Grain growers embarking on sowing this year's winter crops are advised to factor the soil persistence of herbicides into their programs.
Weed specialist Mark Congreve, of Independent Consultants Australia Network (ICAN), says it is important to understand the soil persistence of a herbicide and its potential impact on following crops in the rotation, prior to the herbicide's use.
"Herbicides designed for residual weed control need to provide weeks or months of persistence in the soil to achieve their desired weed control objectives," Mr Congreve says.
"As well, some herbicides that typically are used for post-emergent weed control and which are not typically considered 'residual' herbicides may also persist in the soil for some time after application."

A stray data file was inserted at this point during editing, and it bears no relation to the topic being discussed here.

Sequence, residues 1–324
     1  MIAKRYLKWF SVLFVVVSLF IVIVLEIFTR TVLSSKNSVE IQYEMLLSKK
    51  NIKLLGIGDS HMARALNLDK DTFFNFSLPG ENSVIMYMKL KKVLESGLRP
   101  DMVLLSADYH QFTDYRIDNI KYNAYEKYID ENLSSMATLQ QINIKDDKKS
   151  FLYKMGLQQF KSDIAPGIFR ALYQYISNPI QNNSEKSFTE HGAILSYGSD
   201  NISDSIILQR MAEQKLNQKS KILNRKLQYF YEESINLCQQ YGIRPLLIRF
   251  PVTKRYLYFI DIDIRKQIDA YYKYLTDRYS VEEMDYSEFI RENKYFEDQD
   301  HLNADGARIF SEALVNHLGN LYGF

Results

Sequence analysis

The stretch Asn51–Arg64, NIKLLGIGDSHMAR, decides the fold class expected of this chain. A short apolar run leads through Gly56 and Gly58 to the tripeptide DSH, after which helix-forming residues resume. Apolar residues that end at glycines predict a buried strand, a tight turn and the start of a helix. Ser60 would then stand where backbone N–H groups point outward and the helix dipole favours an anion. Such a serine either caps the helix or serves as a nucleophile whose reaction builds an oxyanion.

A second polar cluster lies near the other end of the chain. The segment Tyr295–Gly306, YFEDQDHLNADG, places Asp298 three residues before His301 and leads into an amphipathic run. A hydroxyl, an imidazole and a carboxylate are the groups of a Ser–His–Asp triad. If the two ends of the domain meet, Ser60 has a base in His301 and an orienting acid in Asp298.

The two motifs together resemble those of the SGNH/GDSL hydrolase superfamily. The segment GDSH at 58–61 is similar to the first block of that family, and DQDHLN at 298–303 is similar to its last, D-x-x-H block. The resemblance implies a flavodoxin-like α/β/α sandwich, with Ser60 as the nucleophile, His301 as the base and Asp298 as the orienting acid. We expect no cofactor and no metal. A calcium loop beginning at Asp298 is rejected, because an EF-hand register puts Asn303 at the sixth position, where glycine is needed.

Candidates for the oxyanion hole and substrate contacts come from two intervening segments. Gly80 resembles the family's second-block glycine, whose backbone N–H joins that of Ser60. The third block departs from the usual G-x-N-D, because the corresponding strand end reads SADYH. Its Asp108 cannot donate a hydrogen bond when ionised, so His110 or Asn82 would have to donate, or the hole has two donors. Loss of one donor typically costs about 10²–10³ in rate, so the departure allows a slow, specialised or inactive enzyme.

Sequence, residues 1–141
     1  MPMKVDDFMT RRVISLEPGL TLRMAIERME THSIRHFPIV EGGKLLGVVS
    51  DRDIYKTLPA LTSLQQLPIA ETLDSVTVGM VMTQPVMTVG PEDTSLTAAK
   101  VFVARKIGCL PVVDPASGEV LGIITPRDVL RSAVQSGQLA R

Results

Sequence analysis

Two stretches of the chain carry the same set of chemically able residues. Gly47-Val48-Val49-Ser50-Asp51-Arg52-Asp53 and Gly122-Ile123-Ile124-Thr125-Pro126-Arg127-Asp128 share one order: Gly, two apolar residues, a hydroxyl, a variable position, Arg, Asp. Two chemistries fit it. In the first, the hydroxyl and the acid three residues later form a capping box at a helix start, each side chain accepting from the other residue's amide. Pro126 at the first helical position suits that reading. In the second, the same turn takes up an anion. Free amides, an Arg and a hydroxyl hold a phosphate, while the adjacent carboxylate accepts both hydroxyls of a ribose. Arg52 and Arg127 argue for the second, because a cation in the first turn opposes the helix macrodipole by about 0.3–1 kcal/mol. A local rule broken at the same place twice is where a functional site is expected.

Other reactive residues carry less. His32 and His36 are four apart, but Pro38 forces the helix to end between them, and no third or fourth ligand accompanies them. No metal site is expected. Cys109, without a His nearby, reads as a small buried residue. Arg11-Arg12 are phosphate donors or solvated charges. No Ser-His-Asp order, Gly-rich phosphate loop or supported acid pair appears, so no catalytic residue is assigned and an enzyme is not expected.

To provide grain growers and advisers with relevant information to assist in planning the use of herbicides in crop sequences and in managing rotation constraints, the GRDC has produced a national reference manual called 'Rotational Crop Constraints For Herbicides Used In Australian Farming Systems'.
It is divided into two parts.
The first part covers the principles of herbicide persistence in the soil and the factors that influence herbicide breakdown.
"Understanding these factors may help to predict variability from year-to-year under different environmental conditions, to assist decision making in situations where labelled plant-back requirements have only just been met - or where statements on the herbicide label do not adequately cover the paddock situation," Mr Congreve says.
Part two of the manual is a summary of label statements relating to directions for managing rotational crops.
The manual contains a series of frequently asked questions and links to other useful resources.
GRDC Research Code: ICN1811-001SAX
More Information: Mark Congreve, ICAN, 02 9482 4930, 0427 209234